The standard way to land a plane is to flare. This entails pulling back on the yoke (the controls) until the nose starts to rise. This arrests the descent, and if all goes as planned the main landing gear will kiss the runway softly. This is a universal strategy, used in aircraft ranging from hang gliders to the Space Shuttle.
But for the Gulfstream 280 there's a little-known technique that will enable the pilot to land smoothly with frightening consistency. The technique: moments before touchdown, the pilot pushes the control yoke forward, essentially flying the plane into the ground. To be clear, it is less of a "push" and more of a tiny application of forward pressure on the controls.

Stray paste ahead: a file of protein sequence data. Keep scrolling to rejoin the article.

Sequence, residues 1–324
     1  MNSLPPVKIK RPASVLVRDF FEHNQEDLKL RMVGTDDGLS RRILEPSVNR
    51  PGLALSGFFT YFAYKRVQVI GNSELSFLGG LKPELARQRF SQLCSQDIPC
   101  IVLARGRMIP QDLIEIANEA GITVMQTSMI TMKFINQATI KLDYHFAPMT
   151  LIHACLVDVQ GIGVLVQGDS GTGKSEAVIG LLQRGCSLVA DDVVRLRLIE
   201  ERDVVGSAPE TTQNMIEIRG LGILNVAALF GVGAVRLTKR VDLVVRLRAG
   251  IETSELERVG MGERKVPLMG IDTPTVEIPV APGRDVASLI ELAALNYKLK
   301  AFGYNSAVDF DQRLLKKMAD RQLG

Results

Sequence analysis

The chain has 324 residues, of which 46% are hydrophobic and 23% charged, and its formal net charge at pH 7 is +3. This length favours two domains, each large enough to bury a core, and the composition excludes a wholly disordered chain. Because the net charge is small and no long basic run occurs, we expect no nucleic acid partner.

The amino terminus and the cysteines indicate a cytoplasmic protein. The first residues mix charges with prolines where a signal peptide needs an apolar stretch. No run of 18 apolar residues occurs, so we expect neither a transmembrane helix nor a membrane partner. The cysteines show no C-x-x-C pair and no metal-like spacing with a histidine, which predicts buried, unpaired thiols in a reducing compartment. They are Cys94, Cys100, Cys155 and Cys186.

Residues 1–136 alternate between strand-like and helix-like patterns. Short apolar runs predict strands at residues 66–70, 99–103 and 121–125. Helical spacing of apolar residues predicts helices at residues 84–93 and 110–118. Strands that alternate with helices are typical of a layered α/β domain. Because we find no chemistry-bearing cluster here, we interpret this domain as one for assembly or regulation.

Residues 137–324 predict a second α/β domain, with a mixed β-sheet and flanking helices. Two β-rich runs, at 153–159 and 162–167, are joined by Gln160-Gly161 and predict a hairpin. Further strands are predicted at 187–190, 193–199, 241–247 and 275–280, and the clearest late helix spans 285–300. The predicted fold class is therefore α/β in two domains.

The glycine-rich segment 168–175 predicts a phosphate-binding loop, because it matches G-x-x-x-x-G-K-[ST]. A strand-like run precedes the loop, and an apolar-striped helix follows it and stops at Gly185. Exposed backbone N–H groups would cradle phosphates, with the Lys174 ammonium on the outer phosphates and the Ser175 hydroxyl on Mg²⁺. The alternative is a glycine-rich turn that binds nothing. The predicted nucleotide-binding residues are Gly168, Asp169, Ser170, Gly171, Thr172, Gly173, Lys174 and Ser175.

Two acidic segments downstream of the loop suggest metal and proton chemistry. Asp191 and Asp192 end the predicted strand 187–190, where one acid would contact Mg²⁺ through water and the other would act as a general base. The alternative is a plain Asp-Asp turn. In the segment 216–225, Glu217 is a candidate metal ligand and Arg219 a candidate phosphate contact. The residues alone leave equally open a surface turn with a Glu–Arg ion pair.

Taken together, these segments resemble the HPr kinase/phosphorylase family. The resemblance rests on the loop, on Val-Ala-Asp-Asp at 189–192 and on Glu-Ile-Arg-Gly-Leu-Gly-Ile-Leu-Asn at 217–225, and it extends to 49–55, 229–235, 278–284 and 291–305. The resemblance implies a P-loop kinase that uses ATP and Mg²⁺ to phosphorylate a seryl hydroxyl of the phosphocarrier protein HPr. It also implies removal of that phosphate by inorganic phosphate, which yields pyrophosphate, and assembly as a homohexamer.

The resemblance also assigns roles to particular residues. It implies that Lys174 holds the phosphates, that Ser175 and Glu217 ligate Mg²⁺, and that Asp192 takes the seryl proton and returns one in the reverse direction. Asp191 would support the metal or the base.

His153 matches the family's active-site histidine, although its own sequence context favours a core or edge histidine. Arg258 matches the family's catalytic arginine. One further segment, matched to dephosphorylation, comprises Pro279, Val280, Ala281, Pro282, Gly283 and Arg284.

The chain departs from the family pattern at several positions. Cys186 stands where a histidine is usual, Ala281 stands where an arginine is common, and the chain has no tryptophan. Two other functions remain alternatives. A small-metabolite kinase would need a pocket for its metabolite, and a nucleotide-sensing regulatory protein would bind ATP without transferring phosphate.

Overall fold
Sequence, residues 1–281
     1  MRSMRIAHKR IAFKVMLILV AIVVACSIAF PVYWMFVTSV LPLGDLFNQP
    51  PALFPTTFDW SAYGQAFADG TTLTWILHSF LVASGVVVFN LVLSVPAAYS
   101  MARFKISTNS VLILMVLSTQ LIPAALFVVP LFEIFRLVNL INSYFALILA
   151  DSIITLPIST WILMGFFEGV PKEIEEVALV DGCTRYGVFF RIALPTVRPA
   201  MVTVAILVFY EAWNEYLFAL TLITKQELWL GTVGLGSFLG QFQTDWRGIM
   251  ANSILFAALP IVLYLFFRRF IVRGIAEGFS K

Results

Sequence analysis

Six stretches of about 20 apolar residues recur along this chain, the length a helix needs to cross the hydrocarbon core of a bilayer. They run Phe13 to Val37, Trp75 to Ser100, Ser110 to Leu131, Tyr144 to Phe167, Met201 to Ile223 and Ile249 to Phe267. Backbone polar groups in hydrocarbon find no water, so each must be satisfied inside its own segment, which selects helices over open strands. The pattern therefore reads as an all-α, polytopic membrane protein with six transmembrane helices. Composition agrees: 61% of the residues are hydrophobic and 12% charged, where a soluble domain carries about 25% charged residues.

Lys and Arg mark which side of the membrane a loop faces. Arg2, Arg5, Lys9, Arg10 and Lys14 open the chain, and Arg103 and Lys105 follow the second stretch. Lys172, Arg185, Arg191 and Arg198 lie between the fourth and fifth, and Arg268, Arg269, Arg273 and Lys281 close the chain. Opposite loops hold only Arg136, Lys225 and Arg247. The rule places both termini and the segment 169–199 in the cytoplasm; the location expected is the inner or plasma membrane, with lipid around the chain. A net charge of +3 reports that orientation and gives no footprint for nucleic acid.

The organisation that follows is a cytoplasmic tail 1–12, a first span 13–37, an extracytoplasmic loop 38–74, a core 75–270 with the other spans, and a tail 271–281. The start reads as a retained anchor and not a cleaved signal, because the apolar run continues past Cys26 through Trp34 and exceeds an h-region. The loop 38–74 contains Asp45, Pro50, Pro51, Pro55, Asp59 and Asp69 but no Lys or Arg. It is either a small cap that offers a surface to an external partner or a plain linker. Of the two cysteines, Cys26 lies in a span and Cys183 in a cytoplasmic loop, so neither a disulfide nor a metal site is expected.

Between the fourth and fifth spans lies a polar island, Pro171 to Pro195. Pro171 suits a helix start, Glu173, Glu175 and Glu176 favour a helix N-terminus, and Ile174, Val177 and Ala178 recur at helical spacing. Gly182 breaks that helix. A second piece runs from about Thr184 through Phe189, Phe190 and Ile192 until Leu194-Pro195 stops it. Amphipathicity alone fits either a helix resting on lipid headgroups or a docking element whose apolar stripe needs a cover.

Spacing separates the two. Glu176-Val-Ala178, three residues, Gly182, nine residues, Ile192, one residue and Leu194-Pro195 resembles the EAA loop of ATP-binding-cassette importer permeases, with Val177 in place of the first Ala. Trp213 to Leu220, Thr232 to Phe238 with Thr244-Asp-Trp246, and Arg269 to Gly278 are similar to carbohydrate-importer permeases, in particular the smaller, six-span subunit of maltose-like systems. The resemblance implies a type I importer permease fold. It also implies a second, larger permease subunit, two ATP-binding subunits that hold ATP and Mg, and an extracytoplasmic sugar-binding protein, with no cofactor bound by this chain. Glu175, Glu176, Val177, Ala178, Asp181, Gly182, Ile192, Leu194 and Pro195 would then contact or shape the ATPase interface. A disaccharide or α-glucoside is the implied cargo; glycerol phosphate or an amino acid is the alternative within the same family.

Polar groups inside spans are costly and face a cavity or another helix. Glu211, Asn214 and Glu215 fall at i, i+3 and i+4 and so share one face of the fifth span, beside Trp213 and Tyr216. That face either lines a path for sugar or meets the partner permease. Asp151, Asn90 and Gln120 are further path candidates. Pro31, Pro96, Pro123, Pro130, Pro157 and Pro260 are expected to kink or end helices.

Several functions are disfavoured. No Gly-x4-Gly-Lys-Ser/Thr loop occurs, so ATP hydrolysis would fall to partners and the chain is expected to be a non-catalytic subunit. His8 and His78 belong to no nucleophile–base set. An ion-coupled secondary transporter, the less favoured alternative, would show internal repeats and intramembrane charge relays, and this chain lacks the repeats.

Here's how it works:
This landing method means that while the fuselage is moving towards the runway, the landing gear assembly is moving away from the runway. As a result, the main wheels will meet the runway with a slower vertical velocity, resulting in a reliably smooth touchdown.